10 Reasons to Oppose Nuclear Energy

nuclear energy

Green America is active in addressing the climate crisis by transitioning the US electricity mix away from its heavy emphasis on coal-fired and natural gas power. But all of that work will be wasted if we transition from fossil fuels to an equally dangerous source – nuclear power. Nuclear power is not a climate solution. It may produce lower-carbon energy, but this energy comes with a great deal of risk.

Solar power, wind power, geothermal power, hybrid and electric cars, and aggressive energy efficiency are climate solutions that are safer, cheaper, faster, more secure, and less wasteful than nuclear power. Our country needs a massive influx of investment in these solutions if we are to avoid the worst consequences of climate change, enjoy energy security, jump-start our economy, create jobs, and work to lead the world in development of clean energy.

Currently there are 444 nuclear power plants in 30 countries worldwide, with another 63 plants under construction. Those plants should not be built for the following reasons:

Ten Strikes Against Nuclear Power

1. Nuclear waste: 

The waste generated by nuclear reactors remains radioactive for tens to hundreds of thousands of years (1). Currently, there are no long-term storage solutions for radioactive waste, and most is stored in temporary, above-ground facilities. These facilities are running out of storage space, so the nuclear industry is turning to other types of storage that are more costly and potentially less safe (2).

2. Nuclear proliferation:

There is great concern that the development of nuclear energy programs increases the likelihood of proliferation of nuclear weapons. As nuclear fuel and technologies become globally available, the risk of these falling into the wrong hands is increasingly present. To avoid weapons proliferation, it is important that countries with high levels of corruption and instability be discouraged from creating nuclear programs, and the US should be a leader in nonproliferation by not pushing for more nuclear power at home (3).

3. National security

Nuclear power plants are a potential target for terrorist operations. An attack could cause major explosions, putting population centers at risk, as well as ejecting dangerous radioactive material into the atmosphere and surrounding region. Nuclear research facilities, uranium enrichment plants, and uranium mines are also potentially at risk for attacks that could cause widespread contamination with radioactive material (9).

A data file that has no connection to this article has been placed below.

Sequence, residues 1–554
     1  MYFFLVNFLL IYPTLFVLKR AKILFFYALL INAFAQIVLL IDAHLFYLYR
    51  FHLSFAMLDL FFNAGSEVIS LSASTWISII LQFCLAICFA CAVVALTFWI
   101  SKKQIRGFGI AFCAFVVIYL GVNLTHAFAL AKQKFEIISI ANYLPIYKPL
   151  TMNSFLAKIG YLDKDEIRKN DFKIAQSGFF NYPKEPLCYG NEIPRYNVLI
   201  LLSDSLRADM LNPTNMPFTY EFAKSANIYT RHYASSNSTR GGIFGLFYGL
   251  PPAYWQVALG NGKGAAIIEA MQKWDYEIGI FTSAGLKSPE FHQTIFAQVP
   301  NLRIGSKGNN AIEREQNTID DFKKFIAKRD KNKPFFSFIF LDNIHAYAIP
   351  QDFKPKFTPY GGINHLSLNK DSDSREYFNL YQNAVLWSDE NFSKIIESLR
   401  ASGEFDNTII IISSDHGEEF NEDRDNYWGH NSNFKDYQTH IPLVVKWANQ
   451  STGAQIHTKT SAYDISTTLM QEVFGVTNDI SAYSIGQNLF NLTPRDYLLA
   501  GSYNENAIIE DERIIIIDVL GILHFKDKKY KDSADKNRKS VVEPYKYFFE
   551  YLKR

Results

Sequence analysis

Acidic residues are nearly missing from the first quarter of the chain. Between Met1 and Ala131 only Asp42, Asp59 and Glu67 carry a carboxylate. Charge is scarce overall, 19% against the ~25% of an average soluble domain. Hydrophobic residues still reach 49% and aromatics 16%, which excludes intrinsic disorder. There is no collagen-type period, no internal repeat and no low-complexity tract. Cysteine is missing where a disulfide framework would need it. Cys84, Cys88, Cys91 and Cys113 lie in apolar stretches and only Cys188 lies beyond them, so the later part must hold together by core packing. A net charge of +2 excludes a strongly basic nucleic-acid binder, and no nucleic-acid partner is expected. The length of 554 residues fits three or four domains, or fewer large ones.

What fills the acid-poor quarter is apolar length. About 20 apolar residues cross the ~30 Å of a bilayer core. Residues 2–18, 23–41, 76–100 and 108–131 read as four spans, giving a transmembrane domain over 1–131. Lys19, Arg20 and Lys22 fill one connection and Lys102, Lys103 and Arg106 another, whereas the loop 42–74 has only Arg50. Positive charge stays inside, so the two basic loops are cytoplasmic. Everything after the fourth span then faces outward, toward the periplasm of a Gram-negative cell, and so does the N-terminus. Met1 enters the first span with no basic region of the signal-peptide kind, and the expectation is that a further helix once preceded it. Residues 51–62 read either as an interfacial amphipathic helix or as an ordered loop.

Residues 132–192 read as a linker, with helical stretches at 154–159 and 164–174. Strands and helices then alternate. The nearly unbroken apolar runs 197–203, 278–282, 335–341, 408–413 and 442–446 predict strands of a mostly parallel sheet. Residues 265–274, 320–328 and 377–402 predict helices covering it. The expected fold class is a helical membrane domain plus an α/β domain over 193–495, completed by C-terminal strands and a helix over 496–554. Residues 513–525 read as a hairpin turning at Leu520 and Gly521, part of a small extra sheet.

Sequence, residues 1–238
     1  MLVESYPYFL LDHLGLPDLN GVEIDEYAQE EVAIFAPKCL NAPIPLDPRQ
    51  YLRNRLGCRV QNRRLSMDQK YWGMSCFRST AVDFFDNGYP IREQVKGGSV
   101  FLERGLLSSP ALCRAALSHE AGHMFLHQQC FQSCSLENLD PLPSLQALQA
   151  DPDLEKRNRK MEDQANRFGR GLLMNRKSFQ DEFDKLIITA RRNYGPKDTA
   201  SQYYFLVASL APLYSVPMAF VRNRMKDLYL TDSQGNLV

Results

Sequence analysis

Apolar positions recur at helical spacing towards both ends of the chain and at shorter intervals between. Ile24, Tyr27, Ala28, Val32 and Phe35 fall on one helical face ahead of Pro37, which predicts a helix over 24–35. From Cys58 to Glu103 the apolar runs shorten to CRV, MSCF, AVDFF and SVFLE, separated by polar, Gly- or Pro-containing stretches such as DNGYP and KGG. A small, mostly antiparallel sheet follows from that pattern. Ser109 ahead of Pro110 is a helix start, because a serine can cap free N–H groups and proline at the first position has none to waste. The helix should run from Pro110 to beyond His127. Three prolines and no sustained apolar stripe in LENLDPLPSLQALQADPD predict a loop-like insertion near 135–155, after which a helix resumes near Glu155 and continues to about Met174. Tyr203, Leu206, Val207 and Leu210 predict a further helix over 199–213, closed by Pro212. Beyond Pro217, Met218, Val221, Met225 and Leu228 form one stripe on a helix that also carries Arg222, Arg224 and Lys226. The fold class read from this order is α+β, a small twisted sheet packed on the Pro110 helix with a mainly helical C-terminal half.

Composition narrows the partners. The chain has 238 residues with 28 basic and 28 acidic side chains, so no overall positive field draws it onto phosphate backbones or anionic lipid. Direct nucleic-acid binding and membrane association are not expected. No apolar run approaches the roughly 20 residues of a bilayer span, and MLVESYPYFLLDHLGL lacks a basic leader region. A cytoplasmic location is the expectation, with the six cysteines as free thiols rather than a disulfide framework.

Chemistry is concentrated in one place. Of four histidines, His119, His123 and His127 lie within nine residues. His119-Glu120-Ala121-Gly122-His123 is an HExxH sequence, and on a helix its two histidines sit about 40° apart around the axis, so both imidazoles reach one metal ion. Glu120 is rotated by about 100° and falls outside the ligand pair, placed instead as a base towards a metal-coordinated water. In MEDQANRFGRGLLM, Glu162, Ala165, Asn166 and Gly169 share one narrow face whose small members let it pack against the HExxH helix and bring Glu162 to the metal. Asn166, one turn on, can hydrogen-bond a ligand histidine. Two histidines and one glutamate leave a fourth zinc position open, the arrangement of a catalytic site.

4. Accidents

In addition to the risks posed by terrorist attacks, human error and natural disasters can lead to dangerous and costly accidents. The 1986 Chernobyl disaster in Ukraine led to the deaths of 30 employees in the initial explosion and has has had a variety of negative health effects on thousands across Russia and Eastern Europe. A massive tsunami bypassed the safety mechanisms of several power plants in 2011, causing three nuclear meltdowns at a power plant in Fukushima, Japan, resulting in the release of radioactive materials into the surrounding area. In both disasters, hundreds of thousands were relocated, millions of dollars spent, and the radiation-related deaths are being evaluated to this day. Cancer rates among populations living in proximity to Chernobyl and Fukushima, especially among children, rose significantly in the years after the accidents (4)(5).

5. Cancer risk

In addition to the significant risk of cancer associated with fallout from nuclear disasters, studies also show increased risk for those who reside near a nuclear power plant, especially for childhood cancers such as leukemia (6)(7)(8). Workers in the nuclear industry are also exposed to higher than normal levels of radiation, and as a result are at a higher risk of death from cancer at a rate similar to the that of Japanese nuclear bomb survivors (10).

6. Energy production

The 444 nuclear power plants currently in existence provide about 11% of the world’s energy (11). Studies show that in order to meet current and future energy needs, the nuclear sector would have to scale up to around 14,500 plants. Uranium, the fuel for nuclear reactors, is energy-intensive to mine, and deposits discovered in the future are likely to be harder to get to to. As a result, much of the net energy created would be offset by the energy input required to build and decommission plants and to mine and process uranium ore. The same is true for any reduction in greenhouse gas emissions brought about by switching from coal to nuclear (12).

7. Not enough sites

Scaling up to 14,500 nuclear plants isn’t possible simply due to the limitation of feasible sites. Nuclear plants need to be located near a source of water for cooling, and there aren’t enough locations in the world that are safe from droughts, flooding, hurricanes, earthquakes, or other potential disasters that could trigger a nuclear accident. The increase in extreme weather events predicted by climate models only compounds this risk.